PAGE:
The West has let Putin get away with bad behaviour for way too long. On Friday, it was revealed that 131 people might have been exposed to Novichok nerve gas. Boris Johnson explains below why we have to stand up to bullies like the Russians.
In a Sun exclusive, Boris wrote: On Friday it emerged that 131 innocent people may have been exposed to the Novichok nerve agent.
People ask me: Why us? Why did the Russian state choose to carry out this heinous act in Britain?
Of all the opponents of Vladimir Putin living around the world, why target Sergei Skripal in Salisbury?
The answer is that Britain is not alone in facing Russia’s reckless behaviour.
This latest brazen defiance of international rules is part of a pattern of behaviour — from the Crimea annexation, cyber attacks in Ukraine to the hacking of the Bundestag and Russian interference in European elections.
But the nature of our response says much about our country and its standing in the world.
We have consistently taken a strong and principled stand against the Kremlin, and galvanised the international response.
When Putin grabbed Crimea in 2014 and ignited the flames of conflict in eastern Ukraine, it was British diplomacy that persuaded the EU to impose sanctions.
When Putin sent his warplanes to join the blood-soaked campaign of the Assad dictatorship against the Syrian people, it was Britain who condemned his actions.
When Putin tried to cover up Assad’s repeated use of chemical weapons, it was our diplomats who ensured an international inquiry exposed how the Syrian regime was gassing its people.
And when Nato asked for troops to guard our most vulnerable allies against Russia, it was Britain who sent 800 soldiers to protect Estonia.
Whenever Putin has threatened his neighbours or trampled on the basic rules of a peaceful world, Britain has called him out.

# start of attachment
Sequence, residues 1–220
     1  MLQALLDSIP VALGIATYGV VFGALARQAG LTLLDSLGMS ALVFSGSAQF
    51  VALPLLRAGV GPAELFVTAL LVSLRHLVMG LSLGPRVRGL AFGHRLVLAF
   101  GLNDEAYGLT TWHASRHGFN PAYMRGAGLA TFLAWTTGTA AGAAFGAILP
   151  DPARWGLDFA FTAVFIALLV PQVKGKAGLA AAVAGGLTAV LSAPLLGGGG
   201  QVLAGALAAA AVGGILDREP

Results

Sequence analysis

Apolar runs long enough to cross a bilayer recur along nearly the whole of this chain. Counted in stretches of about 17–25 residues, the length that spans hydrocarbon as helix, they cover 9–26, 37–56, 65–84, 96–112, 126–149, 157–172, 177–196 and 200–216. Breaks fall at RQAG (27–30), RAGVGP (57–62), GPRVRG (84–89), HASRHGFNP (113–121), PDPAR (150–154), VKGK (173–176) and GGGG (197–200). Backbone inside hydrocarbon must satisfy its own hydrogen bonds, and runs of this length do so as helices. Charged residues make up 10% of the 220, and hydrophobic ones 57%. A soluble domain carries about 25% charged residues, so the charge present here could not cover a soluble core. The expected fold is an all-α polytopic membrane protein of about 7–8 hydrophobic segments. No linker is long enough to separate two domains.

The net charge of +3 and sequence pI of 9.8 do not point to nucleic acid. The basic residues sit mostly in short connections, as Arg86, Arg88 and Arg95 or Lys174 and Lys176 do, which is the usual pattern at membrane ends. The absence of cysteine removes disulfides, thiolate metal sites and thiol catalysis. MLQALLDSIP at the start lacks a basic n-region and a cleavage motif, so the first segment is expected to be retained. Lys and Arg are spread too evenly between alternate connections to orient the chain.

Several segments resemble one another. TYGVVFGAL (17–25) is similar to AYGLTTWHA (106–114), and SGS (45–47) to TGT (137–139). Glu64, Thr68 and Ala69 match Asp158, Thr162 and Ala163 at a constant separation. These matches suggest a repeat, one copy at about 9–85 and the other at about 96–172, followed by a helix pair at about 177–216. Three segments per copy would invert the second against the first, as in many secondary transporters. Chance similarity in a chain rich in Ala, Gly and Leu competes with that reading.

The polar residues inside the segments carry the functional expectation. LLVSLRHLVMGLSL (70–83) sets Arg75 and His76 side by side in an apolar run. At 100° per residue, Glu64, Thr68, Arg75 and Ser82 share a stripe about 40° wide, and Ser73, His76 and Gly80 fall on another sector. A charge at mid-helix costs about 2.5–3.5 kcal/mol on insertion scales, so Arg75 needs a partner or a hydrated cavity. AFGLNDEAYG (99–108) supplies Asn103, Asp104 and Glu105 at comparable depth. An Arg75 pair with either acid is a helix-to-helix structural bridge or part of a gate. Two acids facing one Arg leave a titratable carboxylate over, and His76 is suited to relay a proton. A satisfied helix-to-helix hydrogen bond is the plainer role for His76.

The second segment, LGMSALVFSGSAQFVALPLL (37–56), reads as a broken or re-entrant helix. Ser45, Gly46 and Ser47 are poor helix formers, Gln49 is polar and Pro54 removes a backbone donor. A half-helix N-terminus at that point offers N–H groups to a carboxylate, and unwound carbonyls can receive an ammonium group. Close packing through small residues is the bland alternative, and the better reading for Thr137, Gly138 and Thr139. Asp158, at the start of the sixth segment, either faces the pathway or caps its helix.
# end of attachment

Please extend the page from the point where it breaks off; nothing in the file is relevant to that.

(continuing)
Part of being a strong and self-confident country — a Global Britain with interests and influence all around the world — is that we must have the resolve to stand up for our values.
We knew there would be risks in opposing the Kremlin — resisting a bully is always risky.
But we did it anyway because we knew it to be right.
So I believe that what happened in Salisbury was, at least in part, the Kremlin’s way of hitting back at Britain for standing firm against its appalling behaviour.
Something else has been hugely encouraging since the attack — the overwhelming sense of unity between Parliament, the Government and the British people.
The outrage over what the Kremlin has done, and the determination to back the Government’s strong response, spans the floor of the Commons.
I pay tribute to the many Labour MPs who have condemned Putin.
On the Government front bench and on backbenches on both sides there is a shared awareness that national unity is our greatest strength.
Alas the only person who has refused to join this show of solidarity is Jeremy Corbyn.
He let down his party and country by seemingly aiding the efforts of the Russian propaganda machine by casting doubt over what is obvious to any objective onlooker.
However I refuse to dwell on the disappointing, if all-too-predictable, response from Mr Corbyn.
Instead I would prefer to focus on the support Britain has received from friends across the world.
President Macron of France, Chancellor Merkel of Germany and President Trump of the US have voiced horror over Salisbury, and named the Russian state as the perpetrator.
Hour by hour, the Foreign Office receives more statements of support from our allies.
Yesterday the Kremlin said it would close the British Council and our Consulate in St Petersburg.
These futile measures will only punish ordinary Russians by depriving them of harmless opportunities to learn English and apply for UK visas.
Today Russia stands alone and isolated.
That fact demonstrates the most telling difference between Britain and Putin: we have friends across the world and he does not.